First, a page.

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Tourism program in Bournemouth, England

Japanese (TOYO Global RDS)
Japanese 

This spring vacation a group of 22 students from the Faculty of Regional Studies visited Bournemouth University to study about tourism and learn English.

Bournemouth is a town on the south coast of England about 2 hours by car from London. It’s famous as a seaside vacation spot for British tourists as well as study abroad students from around the world.

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This group was the fourth group to undertake the three-week study program that left on the 23rd February 2013 and came back on the 17th March 2013.

The purpose of the study tour was to learn the theory about English tourism and match this with a number of interesting site visits to famous sightseeing spots and World Heritage sites. Further, students would use this knowledge to make group a presentation in English about what they had learned during their three weeks.

Students studied important tourism words and did listening and reading practice in the morning with Professor Barnes, or as everyone called him, Paul. Everybody loved the fact that Paul always had a joke on hand to make a comfortable class atmosphere.

In the afternoon, students put their tourism words and understanding into action through lectures and workshops mainly given by Professor Robbins, or as he was known, Derek, a prominent teacher and researcher of tourism. The students felt very lucky to have such a knowledgeable teacher, and he accompanied them on most of the trips they took and explained things he had covered in the lectures.

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Some of organized excursions included trips to Oxford, London, and the World Heritage sites of Stonehenge and the Jurassic Coast, an incredibly beautiful coastline just down the road from Bournemouth.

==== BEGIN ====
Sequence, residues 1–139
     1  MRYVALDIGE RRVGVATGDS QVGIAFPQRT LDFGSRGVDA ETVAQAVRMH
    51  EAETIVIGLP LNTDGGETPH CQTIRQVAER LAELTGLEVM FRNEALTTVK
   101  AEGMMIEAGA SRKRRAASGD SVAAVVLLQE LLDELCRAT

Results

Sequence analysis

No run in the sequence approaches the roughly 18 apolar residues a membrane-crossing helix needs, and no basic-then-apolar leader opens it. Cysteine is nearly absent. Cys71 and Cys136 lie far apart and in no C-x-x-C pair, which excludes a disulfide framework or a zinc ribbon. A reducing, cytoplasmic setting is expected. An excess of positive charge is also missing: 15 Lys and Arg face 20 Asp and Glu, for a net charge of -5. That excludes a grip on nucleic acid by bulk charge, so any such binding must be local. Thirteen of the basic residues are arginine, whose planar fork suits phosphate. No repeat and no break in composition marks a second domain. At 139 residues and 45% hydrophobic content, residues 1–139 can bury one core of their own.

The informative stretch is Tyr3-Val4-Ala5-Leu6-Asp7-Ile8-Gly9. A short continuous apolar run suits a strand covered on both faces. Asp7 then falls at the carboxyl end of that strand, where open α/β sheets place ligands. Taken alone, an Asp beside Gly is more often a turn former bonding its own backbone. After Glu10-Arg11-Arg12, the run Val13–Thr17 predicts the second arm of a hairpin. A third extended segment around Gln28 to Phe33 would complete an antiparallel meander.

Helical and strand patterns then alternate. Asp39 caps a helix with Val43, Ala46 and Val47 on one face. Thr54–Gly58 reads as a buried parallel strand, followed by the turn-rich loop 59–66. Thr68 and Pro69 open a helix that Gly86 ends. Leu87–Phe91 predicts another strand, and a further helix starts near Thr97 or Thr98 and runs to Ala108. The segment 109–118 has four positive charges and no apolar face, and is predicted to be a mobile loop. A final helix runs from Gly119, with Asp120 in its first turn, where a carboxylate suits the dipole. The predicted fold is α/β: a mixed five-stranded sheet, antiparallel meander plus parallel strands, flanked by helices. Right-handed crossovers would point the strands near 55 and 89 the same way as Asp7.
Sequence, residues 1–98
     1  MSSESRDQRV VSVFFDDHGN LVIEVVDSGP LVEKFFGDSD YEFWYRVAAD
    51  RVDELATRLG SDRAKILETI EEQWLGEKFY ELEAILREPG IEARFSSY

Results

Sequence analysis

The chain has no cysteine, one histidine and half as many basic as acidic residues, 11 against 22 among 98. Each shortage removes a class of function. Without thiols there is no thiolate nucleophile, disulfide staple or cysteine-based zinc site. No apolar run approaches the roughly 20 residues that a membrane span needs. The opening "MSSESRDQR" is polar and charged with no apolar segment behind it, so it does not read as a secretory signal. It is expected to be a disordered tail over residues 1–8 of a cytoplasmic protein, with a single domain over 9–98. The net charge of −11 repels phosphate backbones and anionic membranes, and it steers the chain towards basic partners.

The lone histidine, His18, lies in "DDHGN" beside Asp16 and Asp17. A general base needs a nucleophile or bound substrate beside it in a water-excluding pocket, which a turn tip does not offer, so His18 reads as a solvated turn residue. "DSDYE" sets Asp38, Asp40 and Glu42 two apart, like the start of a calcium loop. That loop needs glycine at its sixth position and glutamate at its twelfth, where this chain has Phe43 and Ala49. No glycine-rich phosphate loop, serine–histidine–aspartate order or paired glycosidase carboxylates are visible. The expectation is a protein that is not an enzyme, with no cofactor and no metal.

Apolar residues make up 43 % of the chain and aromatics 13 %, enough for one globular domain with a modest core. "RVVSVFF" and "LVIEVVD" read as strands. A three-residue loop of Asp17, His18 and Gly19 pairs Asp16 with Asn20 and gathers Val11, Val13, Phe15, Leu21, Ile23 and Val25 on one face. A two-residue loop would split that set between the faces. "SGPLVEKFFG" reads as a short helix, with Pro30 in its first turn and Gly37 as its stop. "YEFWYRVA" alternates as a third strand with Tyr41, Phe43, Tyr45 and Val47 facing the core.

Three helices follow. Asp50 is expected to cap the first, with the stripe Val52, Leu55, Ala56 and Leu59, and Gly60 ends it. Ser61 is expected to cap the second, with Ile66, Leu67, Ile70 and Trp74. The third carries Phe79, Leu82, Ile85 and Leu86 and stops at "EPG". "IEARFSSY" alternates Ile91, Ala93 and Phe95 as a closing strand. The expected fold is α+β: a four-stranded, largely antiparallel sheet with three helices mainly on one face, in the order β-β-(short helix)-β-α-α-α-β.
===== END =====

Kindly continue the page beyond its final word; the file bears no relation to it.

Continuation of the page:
Some of the highlights for the students included visiting the actual room where the students had their meals in the Harry Potter movies in Oxford, and taking a look at real mummies and the Rosetta Stone from ancient Egypt at the British museum in London.

Along with the study came the social sides of the program. One of these sides was a homestay.
Students were assigned to a local family in the Bournemouth area.
Through the homestay they were able to see how a typical English family lives, and they got to feel like a family member for the three weeks.Even in this short time, a deep bond developed between students and homestay families, and when it was time to come home, there were a lot of tears from everyone.

Another social side was the friends students made with other foreign students and home students they had met through parties and classes.
Students will keep in touch through Facebook even when they come back to Japan.

In all the students had a great time in England in which they increased their confidence in using English, deepened their understanding of tourism and made a number of great friends.

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Graham Robson (Associate Professor, Department of Tourism)

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